A prescription medication covered by the U of S student drug plan. It works by stimulating the nicotine receptors in the body, as nicotine does, thereby reducing the desire and need to smoke. If you have other medical conditions it is best to discuss with your doctor which product is best for you.

Herbal Products, Hypnosis, and Acupuncture

These methods have all worked for some quitters. Learn more about these methods and discuss them with your pharmacist or health care provider before using them.


The safety of e-cigarettes has NOT been scientifically demonstrated.

Nicotine and other chemical content amounts vary a lot between brands. Thus, smokers are not aware of how much hazardous material is inhaled. Most e-cigarettes contain propylene glycol which is a respirator system irritant.

Instead of burning dry tobacco leaves (along with a host of other chemicals), the e-cigarette vaporizes a liquid solution. This liquid solution comes in nicotine added or nicotine-free and comes in an array of flavors. Since e-cigarettes release vapor instead of smoke, it has been allowed in public areas that would otherwise ban smoking.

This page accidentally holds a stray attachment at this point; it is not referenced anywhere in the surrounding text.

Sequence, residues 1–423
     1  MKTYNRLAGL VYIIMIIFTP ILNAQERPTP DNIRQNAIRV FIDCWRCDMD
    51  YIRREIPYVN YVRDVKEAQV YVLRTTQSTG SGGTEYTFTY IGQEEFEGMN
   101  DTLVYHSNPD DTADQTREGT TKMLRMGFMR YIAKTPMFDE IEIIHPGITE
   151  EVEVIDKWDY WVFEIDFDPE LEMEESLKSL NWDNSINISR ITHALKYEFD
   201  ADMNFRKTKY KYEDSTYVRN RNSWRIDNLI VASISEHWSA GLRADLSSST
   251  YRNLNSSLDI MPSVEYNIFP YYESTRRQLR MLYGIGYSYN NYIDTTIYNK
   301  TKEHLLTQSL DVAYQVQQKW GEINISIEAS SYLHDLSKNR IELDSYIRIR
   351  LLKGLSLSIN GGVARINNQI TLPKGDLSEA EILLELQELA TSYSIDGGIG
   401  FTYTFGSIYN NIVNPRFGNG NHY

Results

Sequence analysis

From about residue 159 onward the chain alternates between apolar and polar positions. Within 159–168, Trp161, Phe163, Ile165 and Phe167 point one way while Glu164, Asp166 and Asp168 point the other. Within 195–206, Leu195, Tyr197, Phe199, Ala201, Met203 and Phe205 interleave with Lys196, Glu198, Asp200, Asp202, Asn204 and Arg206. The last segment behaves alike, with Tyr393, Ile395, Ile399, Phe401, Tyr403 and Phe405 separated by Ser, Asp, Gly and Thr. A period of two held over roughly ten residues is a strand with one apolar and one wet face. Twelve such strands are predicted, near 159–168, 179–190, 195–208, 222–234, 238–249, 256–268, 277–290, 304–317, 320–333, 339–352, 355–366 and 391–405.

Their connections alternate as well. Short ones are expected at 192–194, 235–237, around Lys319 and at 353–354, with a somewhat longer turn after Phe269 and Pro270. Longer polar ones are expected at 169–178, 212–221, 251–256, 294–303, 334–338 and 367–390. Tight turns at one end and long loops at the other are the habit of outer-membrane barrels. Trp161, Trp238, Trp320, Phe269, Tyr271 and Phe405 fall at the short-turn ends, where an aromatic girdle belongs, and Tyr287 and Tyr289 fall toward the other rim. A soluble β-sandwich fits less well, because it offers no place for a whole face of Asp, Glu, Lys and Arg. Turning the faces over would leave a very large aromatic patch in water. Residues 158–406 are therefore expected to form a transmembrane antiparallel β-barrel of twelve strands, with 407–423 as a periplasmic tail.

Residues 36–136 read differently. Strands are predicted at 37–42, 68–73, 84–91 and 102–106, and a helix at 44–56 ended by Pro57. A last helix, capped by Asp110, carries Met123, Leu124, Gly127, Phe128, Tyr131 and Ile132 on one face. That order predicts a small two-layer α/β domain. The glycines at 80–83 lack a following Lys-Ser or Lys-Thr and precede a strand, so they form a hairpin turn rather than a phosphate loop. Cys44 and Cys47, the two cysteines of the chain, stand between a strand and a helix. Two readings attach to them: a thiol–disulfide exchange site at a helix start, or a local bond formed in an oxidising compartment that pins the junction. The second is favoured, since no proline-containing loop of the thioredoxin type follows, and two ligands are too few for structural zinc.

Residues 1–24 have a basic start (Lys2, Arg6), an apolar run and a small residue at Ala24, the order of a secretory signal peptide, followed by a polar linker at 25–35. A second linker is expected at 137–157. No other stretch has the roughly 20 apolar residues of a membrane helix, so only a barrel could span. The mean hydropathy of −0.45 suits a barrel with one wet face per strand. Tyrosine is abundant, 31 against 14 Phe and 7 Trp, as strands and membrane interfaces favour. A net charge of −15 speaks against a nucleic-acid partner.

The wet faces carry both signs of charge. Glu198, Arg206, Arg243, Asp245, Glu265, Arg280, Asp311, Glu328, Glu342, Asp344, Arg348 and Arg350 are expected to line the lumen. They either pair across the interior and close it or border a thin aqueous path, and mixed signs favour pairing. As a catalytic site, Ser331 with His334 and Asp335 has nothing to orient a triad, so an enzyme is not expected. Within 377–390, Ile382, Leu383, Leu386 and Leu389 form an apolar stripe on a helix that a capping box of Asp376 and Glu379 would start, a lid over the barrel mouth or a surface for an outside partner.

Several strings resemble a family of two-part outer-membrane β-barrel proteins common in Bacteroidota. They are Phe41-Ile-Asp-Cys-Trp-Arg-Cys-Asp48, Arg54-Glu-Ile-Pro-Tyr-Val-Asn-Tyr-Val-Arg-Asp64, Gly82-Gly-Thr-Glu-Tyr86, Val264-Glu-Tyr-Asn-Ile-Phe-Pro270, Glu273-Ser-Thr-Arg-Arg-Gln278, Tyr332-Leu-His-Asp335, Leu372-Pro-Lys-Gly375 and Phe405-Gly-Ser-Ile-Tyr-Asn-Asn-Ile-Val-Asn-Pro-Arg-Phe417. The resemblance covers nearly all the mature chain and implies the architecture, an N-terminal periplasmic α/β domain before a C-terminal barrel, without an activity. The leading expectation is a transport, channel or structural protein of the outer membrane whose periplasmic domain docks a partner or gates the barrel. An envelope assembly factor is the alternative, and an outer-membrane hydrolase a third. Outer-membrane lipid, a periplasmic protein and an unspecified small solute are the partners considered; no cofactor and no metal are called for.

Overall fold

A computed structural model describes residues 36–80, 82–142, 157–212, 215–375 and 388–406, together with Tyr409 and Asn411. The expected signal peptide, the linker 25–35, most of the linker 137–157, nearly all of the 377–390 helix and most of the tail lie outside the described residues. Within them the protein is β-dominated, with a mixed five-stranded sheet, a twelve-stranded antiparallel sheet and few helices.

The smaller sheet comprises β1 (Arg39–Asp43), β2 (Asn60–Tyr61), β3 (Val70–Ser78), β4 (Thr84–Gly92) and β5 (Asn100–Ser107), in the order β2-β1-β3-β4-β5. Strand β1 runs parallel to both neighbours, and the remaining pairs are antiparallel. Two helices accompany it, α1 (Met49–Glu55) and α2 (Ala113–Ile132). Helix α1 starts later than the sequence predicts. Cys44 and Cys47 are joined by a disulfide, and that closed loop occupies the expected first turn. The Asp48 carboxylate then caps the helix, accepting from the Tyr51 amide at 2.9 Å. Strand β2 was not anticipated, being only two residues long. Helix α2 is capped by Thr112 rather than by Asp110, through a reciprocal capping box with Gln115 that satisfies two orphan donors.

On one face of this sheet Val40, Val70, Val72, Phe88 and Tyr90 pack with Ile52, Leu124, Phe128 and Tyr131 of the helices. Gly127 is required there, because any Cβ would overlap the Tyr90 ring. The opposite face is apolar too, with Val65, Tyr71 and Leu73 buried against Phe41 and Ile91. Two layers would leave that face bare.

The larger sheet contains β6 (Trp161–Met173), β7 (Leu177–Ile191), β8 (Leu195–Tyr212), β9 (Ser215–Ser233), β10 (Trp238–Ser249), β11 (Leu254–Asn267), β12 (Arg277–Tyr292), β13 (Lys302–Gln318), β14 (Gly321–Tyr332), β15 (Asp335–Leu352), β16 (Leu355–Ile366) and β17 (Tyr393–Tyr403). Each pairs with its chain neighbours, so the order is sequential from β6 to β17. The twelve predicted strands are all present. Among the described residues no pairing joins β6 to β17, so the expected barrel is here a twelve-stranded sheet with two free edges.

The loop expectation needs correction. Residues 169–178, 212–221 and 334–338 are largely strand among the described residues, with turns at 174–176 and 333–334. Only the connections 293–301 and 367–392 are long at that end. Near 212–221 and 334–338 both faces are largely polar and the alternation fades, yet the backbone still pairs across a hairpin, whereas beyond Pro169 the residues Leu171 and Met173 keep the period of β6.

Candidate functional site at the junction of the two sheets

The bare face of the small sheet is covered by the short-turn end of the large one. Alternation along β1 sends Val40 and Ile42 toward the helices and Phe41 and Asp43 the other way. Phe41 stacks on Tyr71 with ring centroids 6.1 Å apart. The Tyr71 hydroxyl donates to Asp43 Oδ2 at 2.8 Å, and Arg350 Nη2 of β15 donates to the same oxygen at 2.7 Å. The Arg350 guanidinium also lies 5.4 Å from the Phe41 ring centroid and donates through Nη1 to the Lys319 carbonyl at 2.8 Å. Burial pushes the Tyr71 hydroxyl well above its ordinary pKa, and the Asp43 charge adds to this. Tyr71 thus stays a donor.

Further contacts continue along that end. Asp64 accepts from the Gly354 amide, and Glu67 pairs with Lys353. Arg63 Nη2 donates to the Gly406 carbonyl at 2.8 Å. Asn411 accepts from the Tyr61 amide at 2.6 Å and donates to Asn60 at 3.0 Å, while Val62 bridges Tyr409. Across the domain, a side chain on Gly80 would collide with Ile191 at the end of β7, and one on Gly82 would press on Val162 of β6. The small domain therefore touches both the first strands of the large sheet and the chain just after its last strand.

Bottom Line on E-cigarettes

  • The nicotine inside the cartridges is addictive. When you stop using it you may get withdrawal symptoms.

  • Evidence (to date) suggests that e-cigarettes are safer than smoking cigarettes, but not as safe as not smoking.

  • Long-term risks of e-cigarettes have not been determined.

  • E-cigarettes could be a “gate-way drug,” leading to a new popularity of smoking.

  • If you are trying to quit smoking by using e-cigarettes, you are better off with a pharmacist-approved method of quitting.

  • Seek professional advice.

Supports When Ready to Quit Smoking

Some people are able to quit on their own, but many struggle to break the cycle. Fortunately, the most successful approach to quitting smoking involves a smoking cessation program. These plans help you deal with physical, behavioral, and physiological aspects of the habit.

Pharmacists provide free counselling and support using the PACT smoking cessation program (www.makeapact.ca). Drop in or make an appointment with the pharmacists at the U of S Campus Medicine Shoppe in Place Riel who are trained in PACT.

Smoker’s Helpline is a free, confidential service operated by the Canadian Cancer Society where they offer support and information about quitting smoking and tobacco use including an online quit program and one-on-one guidance with a Quit Coach. Call (1-877-513-5333) or visit the Smoker’s Helpline website.


On Campus

Off Campus

  • Saskatoon Health Region Addition Services: 306-655-4100
  • Saskatoon Health Region Tobacco Cessation Services: 306-655-4100
  • Community Addictions Services: 306-655-7777
  • Saskatchewan HealthLine: 811
  • Smoker's Helpline: 1-877-513-5333